Glen Pourciau ~ Three Fictions


I nev­er see her any­more, but I remem­ber what she said.  We were near the end of our sec­ond date, stand­ing at a cross­walk.  On our first date, we’d been on our best behav­ior, so I’d post­poned any con­clu­sions.  We’d both been divorced for over a year.  According to Jill, the friend who got us togeth­er, she’d giv­en up pray­ing soon after her divorce.  Early in the first date she told me I resem­bled her hus­band, and on the sec­ond date she eyed me as if I might be him in dis­guise.  She didn’t refer to him as her ex-hus­band, which wor­ried me.

When we stopped at the cross­walk she pushed the call but­ton sev­er­al times, glar­ing at the red man, want­i­ng him to van­ish.  She punched the but­ton again.  An aging pick­up truck approached, and as it neared us the dri­ver gunned its engine, cre­at­ing a jolt­ing rack­et and fumes.

Jerk,” she snapped.  “You know he did that because of us.”

You think he did it on pur­pose?”

I know he did,” she answered.  “I would.”


I’m in ear­ly, and I hear my part­ner on the phone behind her closed door.  She’s talk­ing about me and my wife.

He’s fat, slug­gish, and his skin is greasy.

He car­ries a faint smell around with him wher­ev­er he goes.  His wife is bor­ing and stu­pid and seems to have no con­cep­tion of how oth­ers see her.  And how can she bring her­self to choke down that odor of his?  I’m stumped on whether to renew the lease.  Except for my dis­gust, everything’s fine.  We get along well enough.”

I’m squea­mish won­der­ing who she’s talk­ing to and whether she says these things to many oth­er peo­ple.  I retreat into my office, close my door and call my lawyer, Rudy.  Without rais­ing my voice I fill him in.  He lis­tens and then tells me his per­spec­tive.

I think you’re lucky.  How many peo­ple receive the gift of know­ing exact­ly what anoth­er per­son thinks of them?  You can now bet­ter under­stand every word she says to you and every action she takes.  Be pre­pared to deal with her assertive­ly, but I would advise against let­ting this rev­e­la­tion dis­rupt you.  There is noth­ing unusu­al in what you’ve heard.  Don’t you think dis­re­spect­ful things about peo­ple you basi­cal­ly respect?  In many ways, peo­ple are wired to get on one another’s nerves, and soci­ety is based on the premise that we remain civ­il and make the best of our prox­im­i­ty to oth­ers.  As before, I sug­gest you renew your lease and con­tin­ue your part­ner­ship with Dr. Slipper.”

I thank him for calm­ing me down, but after I get off the phone, my chest heaves and I sup­press an urge to mut­ter.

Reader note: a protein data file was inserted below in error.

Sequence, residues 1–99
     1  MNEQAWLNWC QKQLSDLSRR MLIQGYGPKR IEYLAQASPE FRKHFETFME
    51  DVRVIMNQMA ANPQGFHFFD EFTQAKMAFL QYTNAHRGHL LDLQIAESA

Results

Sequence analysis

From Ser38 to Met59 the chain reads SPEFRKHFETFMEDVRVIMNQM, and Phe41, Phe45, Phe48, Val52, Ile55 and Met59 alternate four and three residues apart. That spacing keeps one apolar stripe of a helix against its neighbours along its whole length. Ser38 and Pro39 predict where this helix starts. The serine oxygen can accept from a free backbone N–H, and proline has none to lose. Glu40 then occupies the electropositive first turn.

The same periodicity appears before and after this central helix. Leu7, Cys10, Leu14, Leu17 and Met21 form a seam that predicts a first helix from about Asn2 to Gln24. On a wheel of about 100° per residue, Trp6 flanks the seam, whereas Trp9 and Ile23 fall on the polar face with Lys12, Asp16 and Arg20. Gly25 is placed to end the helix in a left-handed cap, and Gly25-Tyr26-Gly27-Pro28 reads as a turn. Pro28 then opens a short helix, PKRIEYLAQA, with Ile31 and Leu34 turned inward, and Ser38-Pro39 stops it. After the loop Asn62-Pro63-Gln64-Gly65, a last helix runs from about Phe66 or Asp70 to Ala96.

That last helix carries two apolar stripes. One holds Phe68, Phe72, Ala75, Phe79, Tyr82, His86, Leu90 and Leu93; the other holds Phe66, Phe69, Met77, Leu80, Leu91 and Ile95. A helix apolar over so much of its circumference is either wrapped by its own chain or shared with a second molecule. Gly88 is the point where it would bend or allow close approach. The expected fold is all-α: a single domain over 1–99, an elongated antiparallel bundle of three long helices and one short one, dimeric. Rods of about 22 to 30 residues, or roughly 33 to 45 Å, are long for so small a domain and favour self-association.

I hear her door open and her foot­steps com­ing my way.  She sees me as she pass­es, eyes me, steps toward me, then hes­i­tates.

I didn’t know you’d–”

Can she read my face?

I’ve been want­i­ng to tell you some­thing,” I say.  “I’m tired of you ambush­ing me.”

Her face shifts to a ques­tion­ing look.  What a hyp­ocrite.

You’re always com­ing at me with some issue, in my face, no hel­lo, no grace, just blurt­ing out whatever’s both­er­ing you at the moment.  I’d like you to tone it down.”

Noted,” she says.  She moves clos­er.  “You’ve been con­sid­er­ing the lease?”

I nod.  Can she smell me?

So have I,” she says.  “I still like the space.”

I’m ready to renew.  I just want­ed to be up front with you.  That’s a con­cern I’ve had for a while now.  Best to let you know.”

I appre­ci­ate it.”

She stud­ies my face, try­ing not to show it.

Looking for some­thing?” I ask, her over­heard words speak­ing to me.  Does she hear them?

Nothing,” she replies.


A man I knew only in pass­ing stopped at my table.

You know I come here, don’t you?  Are you copy­ing me?”

He grabbed my beer and took a drink.

This tastes like spit.  Next time tell them not to over­cook the fries.  I wouldn’t put those things in my mouth.”

He plunked the beer down and snatched my cap from the table­top, a flat cap I’d worn for years.  He put it on his head and wait­ed for me to react.  I eyed my cap, kept my hands still.

Edie will dump you.  You’re no match for her.  She’ll leave you at the curb.”

She doesn’t need to dump me,” I said.  “We’re not a cou­ple.”

We were.  I know her.  She’s bound to be tired of you already.”

He looked straight into my eyes, mak­ing no move to return my cap.  He walked away, out the door.  I fol­lowed, caught up, stood in front of him.

I’m hav­ing a prob­lem,” he said.  “Your body is in my path.”

I stayed there.

What do you think’s going to hap­pen?” he asked.  “You think you’re tak­ing my cap?”

My cap.”

Mine now.  It fits per­fect­ly.  Don’t make me hurt you.”

He raised his eye­brows, dar­ing me.  I imag­ined knock­ing the cap off, scuf­fling, wrestling him down, heads pound­ing on con­crete.  I walked past him.

He threw the cap at me.  It hit me in the back of the head and fell to the side­walk.

It has an odor,” he said.


Glen Pourciau’s sec­ond col­lec­tion of sto­ries, View, was pub­lished in March by Four Way Books.  His first sto­ry col­lec­tion, Invite, won the 2008 Iowa Short Fiction Award.  His sto­ries have been pub­lished by New World Writing, Mississippi Review, AGNI Online, Antioch Review, Epoch, New England Review, Paris Review and oth­ers.